Determination of epithelial cell proliferation

Cell proliferation in gastric mucosa was determined by immunohistochemical staining of proliferating cell nuclear antigen (PCNA) as previously described. [18] Gastric mucosal tissues were immediately placed separately in freshly prepared 4% paraformaldehyde in phosphate buffered saline (PBS), 127 mM NaCl, 2.7 mM KCl, 8.1 mM Na 2 HPO 4 , 1.5 mM KH 2 PO 4 (pH 7.4) containing 50 mM EDTA, at 4ºC overnight, followed by standard paraffin embedding for 4 h and a tissue section of 5 μm thick was made with the help of automated microtome. Paraffin was removed in xylene and rehydrated by successive passing through decreasing concentrations of ethanol and then incubated with 0.3% H2 O 2 in methanol solution for 15 min to block the endogenous peroxidase activity. Then, the sections were soaked in citrate buffer (pH 6.0) and microwaved (940 W) for 1 min for antigen exposure. They were allowed to incubate with anti-PCNA monoclonal antibody (PC 10) (Santa Cruz Biotechnology, Inc) (1:100) overnight at 4ºC and then washed with 0.01 M PBS (pH 7.4). Then the sections were incubated with biotinylated secondary antibody (National Institute of Immunology, New Delhi, India) for 30 min and subsequently with streptavidin-biotinylated HRP complex for another 30 min. The sections were stained with diaminbenzidine-H 2 O 2 solution and counterstained with Mayer's hematoxylin. They were then dehydrated in ethanol of ascending concentrations, followed by cleaning in xylene. The number of PCNA labeled cells was counted under a microscope (400Χ). An averaged number of PCNA labeled cells per gland was obtained from 10 axial gastric glands at the ulcer margins.

Estimation of mitochondrial enzymes

The scrapped gastric mucosa was homogenized (5%) in 1.5 ml of 10 mM phosphate buffer (pH 7.8) containing 30 mM KCl in Teflon Potter-Elvehjem glass homogenizer. The homogenate was then centrifuged at 800 g for 10 min and used for the mitochondrial isolation. The mitochondria were isolated from gastric mucosal tissues by the method of Johnson and Lardy. [19] A 10% (w/v) homogenate was prepared in 0.05 M Tris-HCl buffer (pH 7.4) containing 0.25 M sucrose and centrifuged at 15,000 g for 5 min. The resultant mitochondrial pellet was then washed and resuspended in buffer for the following biochemical investigations. The activities of isocitrate dehydrogenase (ICDH), [20] a-ketoglutarate dehydrogenase (a-KGDH), [21] succinate dehydrogenase (SDH) [22] and malate dehydrogenase (MDH) [23] were assayed in mitochondria. The mitochondrial protein content was estimated by the method of Lowry et al0.[24] Oxygen consumption was measured in a Clarke-type oxygen electrode as described by Katyare et al.[25] ADP/O ratio and respiratory control ratio (RCR) were calculated as described by Estrabrook. [26] The ATP content was estimated by the method of Williams and Corkey. [27]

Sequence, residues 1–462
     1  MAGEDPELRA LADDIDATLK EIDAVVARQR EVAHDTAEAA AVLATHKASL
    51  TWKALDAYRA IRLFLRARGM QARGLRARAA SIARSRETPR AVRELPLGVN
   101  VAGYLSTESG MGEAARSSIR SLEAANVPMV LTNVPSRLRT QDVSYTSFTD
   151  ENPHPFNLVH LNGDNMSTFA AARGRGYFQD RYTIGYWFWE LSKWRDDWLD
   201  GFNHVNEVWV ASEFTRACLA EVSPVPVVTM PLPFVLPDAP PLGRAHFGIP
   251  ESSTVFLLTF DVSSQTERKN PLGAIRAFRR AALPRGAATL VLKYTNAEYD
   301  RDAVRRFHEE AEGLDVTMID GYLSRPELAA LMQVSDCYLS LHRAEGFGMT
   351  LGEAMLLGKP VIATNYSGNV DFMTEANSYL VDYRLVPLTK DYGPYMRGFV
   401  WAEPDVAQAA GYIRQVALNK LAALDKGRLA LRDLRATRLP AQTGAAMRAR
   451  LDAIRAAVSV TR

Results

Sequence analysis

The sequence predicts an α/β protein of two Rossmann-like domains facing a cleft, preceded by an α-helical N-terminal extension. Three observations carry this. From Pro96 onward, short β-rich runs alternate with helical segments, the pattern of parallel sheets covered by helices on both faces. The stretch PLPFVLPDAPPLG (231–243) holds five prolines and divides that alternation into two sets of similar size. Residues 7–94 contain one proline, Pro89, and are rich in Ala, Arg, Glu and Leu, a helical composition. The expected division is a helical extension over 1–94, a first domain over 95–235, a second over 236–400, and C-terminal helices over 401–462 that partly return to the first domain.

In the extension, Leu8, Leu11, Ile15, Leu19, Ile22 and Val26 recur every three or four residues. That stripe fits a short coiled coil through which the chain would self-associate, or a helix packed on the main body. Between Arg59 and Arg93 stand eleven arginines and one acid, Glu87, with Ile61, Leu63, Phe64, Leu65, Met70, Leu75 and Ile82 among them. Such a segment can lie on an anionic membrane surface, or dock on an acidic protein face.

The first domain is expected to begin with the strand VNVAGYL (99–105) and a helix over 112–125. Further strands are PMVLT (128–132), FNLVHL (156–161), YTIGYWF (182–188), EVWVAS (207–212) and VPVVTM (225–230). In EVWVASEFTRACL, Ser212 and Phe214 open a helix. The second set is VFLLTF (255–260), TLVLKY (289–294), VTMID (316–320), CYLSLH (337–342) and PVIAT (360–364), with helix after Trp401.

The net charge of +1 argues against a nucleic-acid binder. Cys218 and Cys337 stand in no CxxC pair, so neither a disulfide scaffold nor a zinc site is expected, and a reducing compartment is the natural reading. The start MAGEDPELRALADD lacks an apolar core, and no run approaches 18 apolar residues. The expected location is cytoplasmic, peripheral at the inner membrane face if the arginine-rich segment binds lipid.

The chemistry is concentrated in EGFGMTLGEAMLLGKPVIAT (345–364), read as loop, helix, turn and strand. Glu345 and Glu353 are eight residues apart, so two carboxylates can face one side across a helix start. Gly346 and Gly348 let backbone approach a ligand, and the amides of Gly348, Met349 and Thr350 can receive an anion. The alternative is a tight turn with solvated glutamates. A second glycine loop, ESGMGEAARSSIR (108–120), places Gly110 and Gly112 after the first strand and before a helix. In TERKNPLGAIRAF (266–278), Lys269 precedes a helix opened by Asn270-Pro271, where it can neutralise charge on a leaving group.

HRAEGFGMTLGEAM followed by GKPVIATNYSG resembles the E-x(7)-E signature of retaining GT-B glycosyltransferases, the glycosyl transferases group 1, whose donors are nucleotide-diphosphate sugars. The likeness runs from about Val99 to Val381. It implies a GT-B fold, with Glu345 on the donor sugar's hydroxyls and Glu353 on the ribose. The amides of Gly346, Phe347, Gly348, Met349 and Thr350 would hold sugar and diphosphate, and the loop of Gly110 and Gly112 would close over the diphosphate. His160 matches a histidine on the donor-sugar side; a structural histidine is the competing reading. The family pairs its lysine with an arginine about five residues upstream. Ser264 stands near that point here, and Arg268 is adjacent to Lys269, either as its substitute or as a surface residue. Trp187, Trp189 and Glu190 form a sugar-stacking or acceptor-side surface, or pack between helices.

Histologic studies

The scrapped gastric mucosal tissues from each group were fixed in 10% formalin for 24 h. The fixative was removed by washing through running tap water overnight. After dehydration through graded series of alcohols, the tissues were cleaned in methyl benzoate and embedded in paraffin wax. Sections were cut into 3-5 μm thickness and stained with hematoxylin and eosin. After dehydration and cleaning, the sections were mounted and observed under light microscope for details.

Immunohistochemical expression of transforming growth factor-alpha

Immunolocalization of transforming growth factor-alpha (TGF-α) in rat gastric mucosal tissue was carried out according to the "indirect peroxidase" method. The following procedure was done according to the method of Hsu and Rain. [28] Gastric mucosal tissues were fixed in 10% buffered formalin for 24 h. Paraffin blocks were made by embedding tissue for 4 h in an automatic block machine. Sections were cut into 5 μm and adhered to silanized slides (Sigma) and were dehydrated through xylene and alcohol series. After two rinses in PBS for 5 min each, the endogenous peroxidase activity was removed by incubation in 3% hydrogen peroxide for 30 min at room temperature. The non-specific binding sites were blocked by incubation with normal goat serum [three drops in 3% bovine serum albumin (BSA) in PBS] for 30 min. The sections were then incubated with primary antibody (anti Ib 1:250, anti II 1:100 and anti IIIa 1:100) for 60 min at room temperature. After rinsing with PBS, sections were incubated with biotinylated antiserum (goat antiserum to rabbit IgG 1:50 dilution) for 60 min at room temperature. Then, the sections were incubated in the working streptavidin HRP solution for 60 min at room temperature and washed thrice with PBS. Finally, the sections were incubated with diamine benzidine (DAB)-hydrogen peroxide for 30 min and washed in water, counterstained with Mayer's hematoxylin and viewed under light microscope. Analysis of TGF-α product was performed by laser densitometry.